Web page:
In May 2013, Tim Cacioppo, an Omaha father of four, was diagnosed with ALS, a fatal neurological disease. This crushing diagnosis wouldn’t leave Tim much time to fulfill what he considered his most important role in life – being a dad. Even as the disease slowly robs his body of muscle strength and movement and muffles his speech, he is determined to keep things as normal as possible for his family.
Retired Nebraska horse jockeys share stories about putting their life on the line for their love of horse racing. Horse jockey, Jayme LaRocca, a Fremont, Nebraska native, is permanently disabled after a horse racing accident in 1982. Horse jockey, John Lively, who won 10 riding titles at the former Aksarben racetrack and won the Preakness in 1976, recalls the thrill of winning.
Dmitrii “Dima” Shaposhnikov, 13, of Omaha, Nebraska, excels at piano despite being completely blind. Shaposhnikov, who moved from Russia to Nebraska with his family in 2013, reads his school work and sheet music in braille and speaks several languages.
Dixie Quicks Public House in Council Bluffs, Iowa closed its doors in January 2018 after 22 years in business. Owner, Rob Gilmer, made the decision to close the restaurant and the adjacent RNG Gallery after his husband, René Orduña, died of kidney cancer in November 2016. Gilmer, longtime friends, and customers describe Orduña’s impact and the legacy he left.
Former Husker football player Ricky Simmons, a wide receiver from 1979-83, was introduced to cocaine while playing professionally. “Cocaine convinced me that football was getting in the way of my using” said Simmons, who walked away from the NFL to be a “full-time drug addict.” After decades of drug use and several periods of incarceration, he received a letter in jail from former Nebraska football coach Tom Osborne that inspired him to turn his life around.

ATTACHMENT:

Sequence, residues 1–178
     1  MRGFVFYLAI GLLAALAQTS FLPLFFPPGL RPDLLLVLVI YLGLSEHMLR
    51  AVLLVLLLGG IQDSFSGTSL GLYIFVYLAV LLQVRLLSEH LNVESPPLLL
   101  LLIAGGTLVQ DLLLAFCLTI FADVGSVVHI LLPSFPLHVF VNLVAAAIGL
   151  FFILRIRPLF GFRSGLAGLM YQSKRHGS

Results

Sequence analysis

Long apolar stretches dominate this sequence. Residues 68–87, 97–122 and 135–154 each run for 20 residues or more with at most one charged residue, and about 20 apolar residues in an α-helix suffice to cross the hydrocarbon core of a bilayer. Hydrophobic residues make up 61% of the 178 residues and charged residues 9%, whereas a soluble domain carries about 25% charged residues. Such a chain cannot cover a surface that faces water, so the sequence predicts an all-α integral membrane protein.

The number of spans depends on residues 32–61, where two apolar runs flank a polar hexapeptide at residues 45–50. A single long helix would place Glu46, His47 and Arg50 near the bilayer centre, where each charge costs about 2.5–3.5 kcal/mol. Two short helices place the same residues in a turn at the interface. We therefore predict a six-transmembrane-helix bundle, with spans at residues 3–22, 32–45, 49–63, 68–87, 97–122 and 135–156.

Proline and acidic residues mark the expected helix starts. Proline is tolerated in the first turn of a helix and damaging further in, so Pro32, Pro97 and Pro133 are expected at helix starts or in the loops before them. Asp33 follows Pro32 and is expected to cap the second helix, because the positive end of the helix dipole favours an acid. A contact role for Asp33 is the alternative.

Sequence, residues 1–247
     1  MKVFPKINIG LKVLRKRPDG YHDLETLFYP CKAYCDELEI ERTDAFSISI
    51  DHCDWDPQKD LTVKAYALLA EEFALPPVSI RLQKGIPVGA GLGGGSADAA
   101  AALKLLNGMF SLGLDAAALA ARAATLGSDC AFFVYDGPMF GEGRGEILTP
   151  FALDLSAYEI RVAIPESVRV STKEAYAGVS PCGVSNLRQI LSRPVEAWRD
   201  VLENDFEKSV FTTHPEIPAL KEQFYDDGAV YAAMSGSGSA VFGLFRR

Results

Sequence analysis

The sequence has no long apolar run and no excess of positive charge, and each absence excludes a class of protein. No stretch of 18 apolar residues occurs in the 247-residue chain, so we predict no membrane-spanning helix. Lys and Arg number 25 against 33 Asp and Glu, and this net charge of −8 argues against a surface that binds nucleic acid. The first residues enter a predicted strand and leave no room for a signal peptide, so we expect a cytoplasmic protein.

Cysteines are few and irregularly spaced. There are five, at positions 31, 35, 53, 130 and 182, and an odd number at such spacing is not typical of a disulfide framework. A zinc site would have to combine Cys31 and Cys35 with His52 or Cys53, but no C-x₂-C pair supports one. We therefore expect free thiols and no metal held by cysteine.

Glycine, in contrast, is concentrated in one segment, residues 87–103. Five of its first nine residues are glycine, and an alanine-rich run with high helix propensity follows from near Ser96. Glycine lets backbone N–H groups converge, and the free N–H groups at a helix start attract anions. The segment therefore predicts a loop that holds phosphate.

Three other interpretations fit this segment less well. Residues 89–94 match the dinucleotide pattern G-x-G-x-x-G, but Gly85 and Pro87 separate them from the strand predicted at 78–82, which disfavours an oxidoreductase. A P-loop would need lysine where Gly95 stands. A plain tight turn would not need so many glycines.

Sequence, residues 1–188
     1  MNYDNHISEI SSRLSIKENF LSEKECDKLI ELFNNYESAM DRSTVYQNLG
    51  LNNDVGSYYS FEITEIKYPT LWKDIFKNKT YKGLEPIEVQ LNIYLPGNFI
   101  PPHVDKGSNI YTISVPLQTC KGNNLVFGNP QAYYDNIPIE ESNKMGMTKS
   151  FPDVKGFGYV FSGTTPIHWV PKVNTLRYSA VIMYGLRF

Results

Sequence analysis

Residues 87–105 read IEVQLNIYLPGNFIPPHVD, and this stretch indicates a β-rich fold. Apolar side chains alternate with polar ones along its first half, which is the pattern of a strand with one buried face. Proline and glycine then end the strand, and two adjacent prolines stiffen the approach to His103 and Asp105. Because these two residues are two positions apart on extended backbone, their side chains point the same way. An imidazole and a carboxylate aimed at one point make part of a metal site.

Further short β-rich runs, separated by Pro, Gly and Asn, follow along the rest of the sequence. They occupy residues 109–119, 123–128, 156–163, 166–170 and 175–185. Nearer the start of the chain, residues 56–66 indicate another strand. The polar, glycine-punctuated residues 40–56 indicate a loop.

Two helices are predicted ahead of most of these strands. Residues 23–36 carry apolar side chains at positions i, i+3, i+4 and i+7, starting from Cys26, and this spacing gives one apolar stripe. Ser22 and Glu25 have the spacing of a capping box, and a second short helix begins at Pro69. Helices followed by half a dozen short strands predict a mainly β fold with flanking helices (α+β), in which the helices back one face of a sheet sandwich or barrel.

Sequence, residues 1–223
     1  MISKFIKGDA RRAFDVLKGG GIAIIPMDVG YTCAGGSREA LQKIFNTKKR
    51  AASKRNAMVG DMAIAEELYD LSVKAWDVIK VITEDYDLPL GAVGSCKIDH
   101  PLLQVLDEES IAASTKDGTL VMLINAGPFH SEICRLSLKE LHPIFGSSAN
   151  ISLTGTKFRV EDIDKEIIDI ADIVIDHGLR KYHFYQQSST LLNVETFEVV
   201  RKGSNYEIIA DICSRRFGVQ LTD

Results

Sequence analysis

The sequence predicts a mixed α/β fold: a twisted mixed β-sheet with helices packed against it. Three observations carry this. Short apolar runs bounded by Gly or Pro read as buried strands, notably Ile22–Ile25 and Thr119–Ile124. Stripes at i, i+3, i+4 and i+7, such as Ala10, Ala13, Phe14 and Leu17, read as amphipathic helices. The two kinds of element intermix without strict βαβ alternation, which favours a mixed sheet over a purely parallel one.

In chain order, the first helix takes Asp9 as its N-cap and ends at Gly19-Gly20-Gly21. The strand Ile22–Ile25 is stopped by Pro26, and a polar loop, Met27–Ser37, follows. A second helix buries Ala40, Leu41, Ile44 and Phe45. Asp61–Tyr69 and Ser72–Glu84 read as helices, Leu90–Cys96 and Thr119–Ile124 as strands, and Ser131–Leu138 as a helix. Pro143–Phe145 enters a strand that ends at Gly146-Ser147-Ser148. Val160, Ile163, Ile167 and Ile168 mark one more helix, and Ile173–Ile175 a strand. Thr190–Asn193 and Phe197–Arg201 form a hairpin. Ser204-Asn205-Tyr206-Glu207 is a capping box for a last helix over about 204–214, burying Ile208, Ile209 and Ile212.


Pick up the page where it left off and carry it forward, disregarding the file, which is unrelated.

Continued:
The Ravens are Omaha’s chapter of the Armored Combat League, an international association of teams that compete in full-contact fighting wearing steel armor and wielding steel weapons.
When he agreed to have children with his 56-year-old wife, Lisa, Mike McLaughlin didn’t expect to be nearly 70 and raising them by himself. In a tragic turn of events, Lisa died a few days after giving birth to the twins.
Duane Wiskus, 67, grew up in Carroll, Iowa, and served in Vietnam as a crew chief for an EC-47 surveillance aircraft flying electronic eavesdropping missions out of Nha Trang in 1968-69, where he recalls helicopters spraying Agent Orange around the perimeter of his base as well as in the jungles of Vietnam. Many years later, his son, Clint, was diagnosed with infantile muscular dystrophy and died at 20-months-old. Wiskus thinks his wartime exposure to Agent Orange could be to blame.
Sam Fried, of Omaha, who escaped from Auschwitz, a Nazi concentration camp, more than seven decades ago shares his story. His prisoner identification number still remains on his left arm: A-5053.
Sarah Gissel, 2, donates her bone marrow to her older sister Vanessa, 11, in hopes of curing her of sickle cell anemia with a transplant at the Aflac Cancer Center of Children’s Healthcare of Atlanta on July 17, 2013.
Fred J. Piccolo, of Omaha, owner of Piccolo’s Barber Shop reflects on cutting hair for 59 years. The barber shop was founded by Fred’s father, Joseph Piccolo, in 1934, and Fred has been cutting hair since there since 1957.
“On September 23, 2000, our lives came crashing together and we became one,” said Jerry Mudd. “He is a part of me forever.” Jerry Mudd, 66, of Louisville, Kentucky, received a new heart from 18-year-old organ donor Jon Clark, of Bowling Green, Kentucky. Clark was driving home late one night when he ran off the road, overcorrected, and flipped his truck several times. Clark died about 24-hours later and his seven life-saving organs were donated to seven different people.